In this video we cover all 7 attribute types available in the "Custom attributes" section. You'll see different attribute examples and learn in which business cases they are helpful.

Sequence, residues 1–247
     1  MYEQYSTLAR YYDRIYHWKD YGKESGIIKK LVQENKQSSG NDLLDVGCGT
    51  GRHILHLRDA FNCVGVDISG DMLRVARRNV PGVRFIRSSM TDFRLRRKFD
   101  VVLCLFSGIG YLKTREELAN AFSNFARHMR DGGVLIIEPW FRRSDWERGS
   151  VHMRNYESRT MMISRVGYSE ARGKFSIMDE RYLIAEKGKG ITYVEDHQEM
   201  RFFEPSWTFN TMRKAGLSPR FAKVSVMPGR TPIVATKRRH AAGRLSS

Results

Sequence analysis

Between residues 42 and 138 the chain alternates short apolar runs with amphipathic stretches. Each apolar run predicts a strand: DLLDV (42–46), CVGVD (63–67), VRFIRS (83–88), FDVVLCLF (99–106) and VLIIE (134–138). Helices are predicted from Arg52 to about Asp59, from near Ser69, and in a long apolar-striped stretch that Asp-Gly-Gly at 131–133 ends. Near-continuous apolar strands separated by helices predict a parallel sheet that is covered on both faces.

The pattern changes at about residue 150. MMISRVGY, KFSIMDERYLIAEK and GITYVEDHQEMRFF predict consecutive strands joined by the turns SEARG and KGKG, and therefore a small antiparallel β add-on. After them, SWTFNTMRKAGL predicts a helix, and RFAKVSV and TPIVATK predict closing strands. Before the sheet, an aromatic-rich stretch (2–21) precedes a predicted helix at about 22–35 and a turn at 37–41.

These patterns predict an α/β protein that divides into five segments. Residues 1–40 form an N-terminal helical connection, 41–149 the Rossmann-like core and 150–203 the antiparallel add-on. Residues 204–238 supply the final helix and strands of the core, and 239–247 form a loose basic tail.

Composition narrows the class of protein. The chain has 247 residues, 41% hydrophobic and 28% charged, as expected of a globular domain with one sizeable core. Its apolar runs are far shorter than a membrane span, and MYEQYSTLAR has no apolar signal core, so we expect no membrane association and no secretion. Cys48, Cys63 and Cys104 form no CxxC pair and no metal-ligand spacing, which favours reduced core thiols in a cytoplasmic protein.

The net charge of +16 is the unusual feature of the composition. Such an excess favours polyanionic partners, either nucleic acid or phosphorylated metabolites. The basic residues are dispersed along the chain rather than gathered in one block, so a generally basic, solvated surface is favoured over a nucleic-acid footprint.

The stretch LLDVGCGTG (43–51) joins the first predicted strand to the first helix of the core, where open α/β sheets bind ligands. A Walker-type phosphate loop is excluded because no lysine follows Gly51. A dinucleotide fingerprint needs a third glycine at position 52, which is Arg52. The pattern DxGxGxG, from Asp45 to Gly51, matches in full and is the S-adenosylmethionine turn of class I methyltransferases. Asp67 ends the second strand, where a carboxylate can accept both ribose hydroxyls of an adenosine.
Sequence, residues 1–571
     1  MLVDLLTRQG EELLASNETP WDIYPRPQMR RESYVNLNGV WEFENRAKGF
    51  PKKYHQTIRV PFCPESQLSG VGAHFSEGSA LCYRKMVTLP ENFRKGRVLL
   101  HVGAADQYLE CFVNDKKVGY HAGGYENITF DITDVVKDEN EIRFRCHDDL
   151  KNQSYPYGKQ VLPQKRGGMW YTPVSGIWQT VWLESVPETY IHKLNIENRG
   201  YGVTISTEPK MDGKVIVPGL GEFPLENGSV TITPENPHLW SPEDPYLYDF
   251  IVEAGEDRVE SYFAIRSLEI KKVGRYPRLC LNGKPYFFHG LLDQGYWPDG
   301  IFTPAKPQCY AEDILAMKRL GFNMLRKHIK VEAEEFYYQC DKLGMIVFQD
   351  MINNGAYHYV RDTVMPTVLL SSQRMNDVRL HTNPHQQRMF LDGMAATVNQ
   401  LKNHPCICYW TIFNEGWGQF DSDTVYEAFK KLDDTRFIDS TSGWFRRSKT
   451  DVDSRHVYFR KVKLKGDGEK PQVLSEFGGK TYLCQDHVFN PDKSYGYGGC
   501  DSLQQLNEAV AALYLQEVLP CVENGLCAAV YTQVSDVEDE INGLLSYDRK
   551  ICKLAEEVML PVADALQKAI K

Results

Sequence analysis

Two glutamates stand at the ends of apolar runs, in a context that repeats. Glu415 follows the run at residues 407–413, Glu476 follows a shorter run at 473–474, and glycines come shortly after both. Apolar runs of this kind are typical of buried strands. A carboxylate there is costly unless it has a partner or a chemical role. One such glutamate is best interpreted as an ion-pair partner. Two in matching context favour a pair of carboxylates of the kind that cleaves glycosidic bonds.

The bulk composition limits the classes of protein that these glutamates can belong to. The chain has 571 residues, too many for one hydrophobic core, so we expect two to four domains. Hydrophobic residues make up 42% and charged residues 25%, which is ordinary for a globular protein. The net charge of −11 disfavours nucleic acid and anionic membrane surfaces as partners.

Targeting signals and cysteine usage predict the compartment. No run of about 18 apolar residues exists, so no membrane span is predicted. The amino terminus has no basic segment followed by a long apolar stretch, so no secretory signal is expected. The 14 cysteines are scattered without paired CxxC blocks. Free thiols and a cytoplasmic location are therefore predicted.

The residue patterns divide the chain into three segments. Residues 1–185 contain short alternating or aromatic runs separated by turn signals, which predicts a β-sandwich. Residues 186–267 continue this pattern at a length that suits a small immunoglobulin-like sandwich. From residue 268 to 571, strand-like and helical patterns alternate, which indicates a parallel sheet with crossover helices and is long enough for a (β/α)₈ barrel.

So once we’ve covered the general information about custom attributes, let’s create them! I’ll do that directly from the User attributes section available always in “App Settings” and then “User data & events”. We need to specify name, description and select value type. Let’s briefly cover all 7 choices available here. Boolean is known also as true/false statement and for example can be useful to track whether a user subscribes to your newsletter. I’m naming it “Subscribed to newsletter” and adding “Users subscribing to our main newsletter”. So in the filters, we see it as “Subscribed to newsletter” and the available filtering conditions are true or false. Let’s go back and create the next one, which is fixed choices. It’s an interesting one as its values can come for example from a questionnaire asked by a chatbot or in a newsletter, and is used to track all these choices that user made in the questionnaire. Let’s assume you run an online store and want to send email campaigns to your users in their preferred language. So let’s add “Preferred language” as name and “The first preferred language of users”. I need to specify label and value. I’m adding 4 languages -> English, Spanish, German and French. And one last thing for fixed choices is multiple choice option. Enable that if you want to allow users to select more than 1 answer option. In our case let’s leave it inactive as we ask about the one preferred language. The next value type is string, which basically is any text value. Let’s add “Job position” and short description. Right next we have date. It’ pretty straightforward. Let’s assume you offer app subscription to your clients and thus want to track the day they sign up. I’m adding “Sign up day” and “A starting date of first subscription”. The following value type is a similar one called datetime. And an example of that can be “Last time browsing downloads”. And as you see, it’s now available in the filters. You can see that for this value type we can filter basing on time as well. Our list of custom attributes is growing up but we have still 2 value types to go. Integer. It is pretty self-explanatory and it’s basically any attribute related to the whole number. We may for instance want to track “Number of purchases made”. And the final custom attribute type is floating-point number. It’s very similar to integer but it also contains decimal points. As I’ve earlier created it for the purpose of setting up an automation that collects attributes, it’s already on my list. Let’s assume for a second you run an online sneakers store. Thanks to it you can for example track users’ shoe sizes like 7.5 or greater than 6.5. So we’ve just covered all 7 value types of custom attributes! Thanks for listening.
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